Bertrand Russell was the grandson of Lord John Russell, who had twice served as Prime Minister under Queen Victoria. Educated at first privately, and later at Trinity College, Cambridge, Russell obtained first class degrees both in mathematics and in the moral sciences.

Although elected to the Royal Society in 1908, Russell's career at Trinity appeared to come to an end in 1916 when he was convicted and fined for anti-war
activities. He was dismissed from the College as a result of the conviction. Two years later Russell was convicted a second time. This time he spent six months in prison. It was while in prison that he wrote his
well-received *Introduction to Mathematical Philosophy* in 1919. He did not return to Trinity until 1944. Married four times and notorious for his many
affairs, Russell also ran unsuccessfully for Parliament, in 1907, 1922, and 1923. Together with his second wife, he opened and ran an experimental school
during the late 1920s and early 1930s. He became the third Earl Russell upon the death of his brother in 1931.

While teaching in the United States in the late 1930s, Russell was offered a teaching appointment at City College, New York. The appointment was revoked following a large number of public protests and a judicial decision, in 1940, which stated that he was morally unfit to teach at the College. Nine years later he was awarded the Order of Merit. He received the Nobel Prize for Literature in 1950.

During the 1950's and 1960's, Russell became something of an inspiration to large numbers of idealistic youth as a result of his continued anti-war and anti-nuclear protests. Together with Albert Einstein, he released the Russell-Einstein Manifesto in 1955, calling for the curtailment of nuclear weapons. In 1957, he was a prime organizer of the first Pugwash Conference, which brought together scientists concerned about the proliferation of nuclear weapons. He became the founding president of the Campaign for Nuclear Disarmament in 1958 and was once again imprisoned, this time in connection with anti-nuclear protests, in 1961. Upon appeal, his two-month prison sentence was reduced to one week in the prison hospital. He remained a prominent public figure until his death nine years later at the age of 97.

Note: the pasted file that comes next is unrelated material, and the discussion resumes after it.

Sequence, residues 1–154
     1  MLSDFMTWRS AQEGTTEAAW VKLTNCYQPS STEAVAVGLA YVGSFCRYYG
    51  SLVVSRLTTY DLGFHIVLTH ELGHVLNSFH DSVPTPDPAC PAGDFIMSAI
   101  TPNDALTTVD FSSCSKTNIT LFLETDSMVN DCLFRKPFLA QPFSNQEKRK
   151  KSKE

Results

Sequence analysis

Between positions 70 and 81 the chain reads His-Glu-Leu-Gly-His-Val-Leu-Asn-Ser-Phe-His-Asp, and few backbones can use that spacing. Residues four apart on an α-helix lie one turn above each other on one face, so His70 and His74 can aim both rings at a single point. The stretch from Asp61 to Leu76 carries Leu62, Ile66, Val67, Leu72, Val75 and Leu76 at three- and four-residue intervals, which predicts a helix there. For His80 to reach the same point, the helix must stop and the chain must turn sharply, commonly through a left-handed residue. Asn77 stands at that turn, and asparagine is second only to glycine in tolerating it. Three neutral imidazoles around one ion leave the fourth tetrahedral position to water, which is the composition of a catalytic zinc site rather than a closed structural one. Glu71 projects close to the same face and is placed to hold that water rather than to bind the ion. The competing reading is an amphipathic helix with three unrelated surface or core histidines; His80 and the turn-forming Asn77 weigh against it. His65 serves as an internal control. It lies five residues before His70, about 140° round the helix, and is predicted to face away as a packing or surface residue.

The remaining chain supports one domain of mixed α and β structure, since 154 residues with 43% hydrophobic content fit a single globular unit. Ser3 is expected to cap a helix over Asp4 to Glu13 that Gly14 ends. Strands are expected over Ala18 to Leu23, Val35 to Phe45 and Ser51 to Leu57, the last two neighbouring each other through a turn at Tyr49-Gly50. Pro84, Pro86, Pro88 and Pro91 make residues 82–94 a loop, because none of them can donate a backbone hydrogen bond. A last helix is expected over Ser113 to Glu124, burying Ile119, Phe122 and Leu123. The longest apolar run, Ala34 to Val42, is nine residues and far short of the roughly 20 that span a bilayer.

Russell discovered the paradox which bears his name in 1901. The paradox arose in connection with the set of all sets which are not members of themselves. Such a set, if it exists, will be a member of itself if and only if it is not a member of itself. A large amount of work throughout the early part of this century in logic, set theory, and the philosophy and foundations of mathematics was thus prompted.

Although first introduced by Russell in 1903, his theory of types finds its mature expression in an 1908 article and in the monumental work he co-authored with Alfred North Whitehead, *Principia Mathematica*. In it, Whitehead and Russell were able to provide detailed derivations of many major theorems in set theory, finite and
transfinite arithmetic, and elementary measure theory. A fourth volume on geometry was planned but never completed.

Of equal significance during this same period was Russell's defense of logicism, the theory that mathematics was in some important sense reducible to logic. Russell's logicism consisted of two main theses. The first is that all mathematical truths can be translated into logical truths. The second is that all mathematical proofs can be recast as logical proofs.

In much the same way that Russell wanted to use logic to clarify issues in the foundations of mathematics, he also wanted to use logic to clarify issues in philosophy. He is one of the founders of "analytic philosophy". Along with Kurt Gödel, he is usually credited with being one of the two most important logicians of the twentieth century.